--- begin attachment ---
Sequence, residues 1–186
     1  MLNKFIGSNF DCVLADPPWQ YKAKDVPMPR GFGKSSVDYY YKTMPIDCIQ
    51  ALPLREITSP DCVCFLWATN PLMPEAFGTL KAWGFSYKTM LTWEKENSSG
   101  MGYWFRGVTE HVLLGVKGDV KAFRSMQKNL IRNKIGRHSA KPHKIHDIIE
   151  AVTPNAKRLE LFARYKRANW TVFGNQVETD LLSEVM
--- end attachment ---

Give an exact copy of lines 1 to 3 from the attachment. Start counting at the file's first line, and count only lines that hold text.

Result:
Sequence, residues 1–186
     1  MLNKFIGSNF DCVLADPPWQ YKAKDVPMPR GFGKSSVDYY YKTMPIDCIQ
    51  ALPLREITSP DCVCFLWATN PLMPEAFGTL KAWGFSYKTM LTWEKENSSG